I’m still working on getting that perfect “smooth” waterfall shot. This one sort of turned out with the water, but the lighting in this area was especially challenging; super bright and shiny water surrounded by dark and brooding forest.

Continuing up this path in this direction, next up is Manido Falls. This waterfall is the smallest of the three on this section of the river, with a drop of 15 feet. The falls is between 50 and 150 feet wide, dependent on the volume of the river.

After enjoying Manido Falls, continuing on in the same direction will bring you to Nawadaha Falls. At just over a 15 foot drop, this waterfall clocks in between the other two in size.

I referenced earlier that one of the falls was much more visible from the east side of the river, the side I didn’t go to. That is this falls. Here is the sight you can expect from observation deck on the west side of the river.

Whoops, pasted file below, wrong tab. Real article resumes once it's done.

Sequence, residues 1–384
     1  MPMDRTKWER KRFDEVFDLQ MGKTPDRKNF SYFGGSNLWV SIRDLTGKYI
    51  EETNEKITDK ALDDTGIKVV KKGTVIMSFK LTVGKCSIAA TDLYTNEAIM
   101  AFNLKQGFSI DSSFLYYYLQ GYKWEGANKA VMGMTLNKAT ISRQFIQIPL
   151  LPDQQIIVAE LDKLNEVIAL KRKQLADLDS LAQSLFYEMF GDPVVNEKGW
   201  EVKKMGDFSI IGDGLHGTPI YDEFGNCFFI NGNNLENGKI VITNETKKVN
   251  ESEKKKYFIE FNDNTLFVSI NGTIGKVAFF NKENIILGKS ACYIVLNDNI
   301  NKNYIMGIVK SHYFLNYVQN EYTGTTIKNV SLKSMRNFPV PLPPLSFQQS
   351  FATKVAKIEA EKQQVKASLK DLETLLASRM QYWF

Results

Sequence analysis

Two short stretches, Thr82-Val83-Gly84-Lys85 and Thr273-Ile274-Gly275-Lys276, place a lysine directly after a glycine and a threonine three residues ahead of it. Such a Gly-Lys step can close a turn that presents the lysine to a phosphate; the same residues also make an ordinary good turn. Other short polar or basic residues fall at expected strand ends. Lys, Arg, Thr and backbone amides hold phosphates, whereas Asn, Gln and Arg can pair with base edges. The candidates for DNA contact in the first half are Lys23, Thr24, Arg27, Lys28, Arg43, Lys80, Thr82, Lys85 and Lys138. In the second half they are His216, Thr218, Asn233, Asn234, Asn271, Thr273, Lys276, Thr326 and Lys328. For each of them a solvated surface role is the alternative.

It’s a unique view, but it’s kind of hard to tell what you’re looking at. It just looks like a bunch of steps with water flowing over them. Borrowing a photo, here is what you can expect from the other side of the river. (Click on the photo for photo credit.)

A much different experience. See those steps on the right side of the photo? Those are the same ones from the previous photo. You can just make out the wooden observation deck above them.

After seeing the last waterfall, we backtracked to the car.

Overall, these waterfalls are another “must do” for any Porcupine Mountain trip. I know I said that about the Lake of the Clouds, so let me be more specific. If you can only do one thing in the park, make it Lake of the Clouds and the Escarpment Trail. If you can do two things in the park, make it the Lake of the Clouds area and the Presque Isle River area. These falls are impressive and relatively easy to see, making them a great option for a large variety of people and abilities.

2 thoughts on “Presque Isle River Waterfalls – Porcupine Mountains – Three Falls in One Hike

  1. Pingback: Porcupine Mountains Hiking – Union Mine Trail – Mining History and Waterfalls | Hiking Hungry

  2. Pingback: Porcupine Mountains Hiking – Overlooked Falls and Greenstone Falls – A Small Hike to Small Falls | Hiking Hungry